Rider Number Two
Intended use: This rider has had some previous experience on other quads or dirt bikes. He or she wants to hit the trails or the dunes just for fun with friends and enjoys going fast. Trail challenges such as ruts, jumps, and hillclimbs will be tackled with gusto. Sliding, wheelies, and pounding through the bumps also sound like fun.
This rider, however, won’t have much use for things like lawn mowing or snow plowing with their quad and don’t plan on hauling any deer out of the woods during hunting season, either.
What to look for: A rider in this situation probably wants a sport quad or high-performance ATV. The primary decisions he or she has to make are basically how fast to go and how high to jump. Top-of-the-line, high-performance quads are, of course, the best when it comes to those attributes, but they’re also the most expensive.
Two-wheel-drive sport quads with chain-drive manual transmissions and manual clutch are a lot of fun too and are more affordable and very popular with this particular crowd. However if you want to take the easy way on your next climb, sport ATVs do have automatic transmissions and some even have racks for those riders who may want to occasionally haul some stuff.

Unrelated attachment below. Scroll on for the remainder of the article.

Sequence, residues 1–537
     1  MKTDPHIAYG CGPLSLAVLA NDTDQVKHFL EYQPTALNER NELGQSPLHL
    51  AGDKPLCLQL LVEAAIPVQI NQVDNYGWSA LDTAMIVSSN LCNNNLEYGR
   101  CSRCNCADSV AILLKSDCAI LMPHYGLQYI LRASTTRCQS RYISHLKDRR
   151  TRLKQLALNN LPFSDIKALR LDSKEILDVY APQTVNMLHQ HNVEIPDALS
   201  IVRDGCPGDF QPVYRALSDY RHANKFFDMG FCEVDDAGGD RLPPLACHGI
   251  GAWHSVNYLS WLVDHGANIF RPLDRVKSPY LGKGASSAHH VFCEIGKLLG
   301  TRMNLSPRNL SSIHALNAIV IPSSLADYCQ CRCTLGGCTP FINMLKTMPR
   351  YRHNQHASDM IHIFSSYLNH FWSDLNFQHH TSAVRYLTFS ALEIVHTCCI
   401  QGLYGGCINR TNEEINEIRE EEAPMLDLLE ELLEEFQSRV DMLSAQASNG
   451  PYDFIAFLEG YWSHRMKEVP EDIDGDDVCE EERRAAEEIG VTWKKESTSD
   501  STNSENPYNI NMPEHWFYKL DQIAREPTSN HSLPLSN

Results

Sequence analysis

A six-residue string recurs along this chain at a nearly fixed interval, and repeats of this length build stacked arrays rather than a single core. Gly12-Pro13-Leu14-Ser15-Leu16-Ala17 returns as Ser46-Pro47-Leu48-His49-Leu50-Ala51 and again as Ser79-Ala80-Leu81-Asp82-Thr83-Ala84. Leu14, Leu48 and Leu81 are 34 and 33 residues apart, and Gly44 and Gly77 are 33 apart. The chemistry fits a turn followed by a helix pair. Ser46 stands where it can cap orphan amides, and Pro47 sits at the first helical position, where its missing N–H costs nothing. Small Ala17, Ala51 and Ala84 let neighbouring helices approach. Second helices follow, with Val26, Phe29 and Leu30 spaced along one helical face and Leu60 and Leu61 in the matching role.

Rider Number Three
Intended use: This rider takes the term “all-terrain” to the extreme. He or she searches out the toughest, rockiest, and stee pest trails. To this rider, big mud bogs are supposed to be ridden right through the middle, not around. Occasionally, this rider would like to use his quad to pull out his pals when they get stuck. If there’s work to be done such as snow plowing or lawn mowing, this rider wants his or her ATV to be ready and able for all tasks. Hauling a load of firewood with a trailer also should be a snap.
What to look for: Big-motored four-wheel drive utility or sport/utility models would be a good choice for this rider. Four-wheel drive will make a big difference in the challenging terrain and the extra horsepower of the bigger engine is a plus as well. A quad with independent rear suspension will work the best in off-camber, rutted, and rocky situations.
The big 4x4s that are in the sport/utility class will generally run faster and are more comfortable at the faster speeds than the pure utility model. If you happen to be a smaller-than-average person, you may want to consider buying a smaller machine, such as 400c, which may be sufficient for your intended use.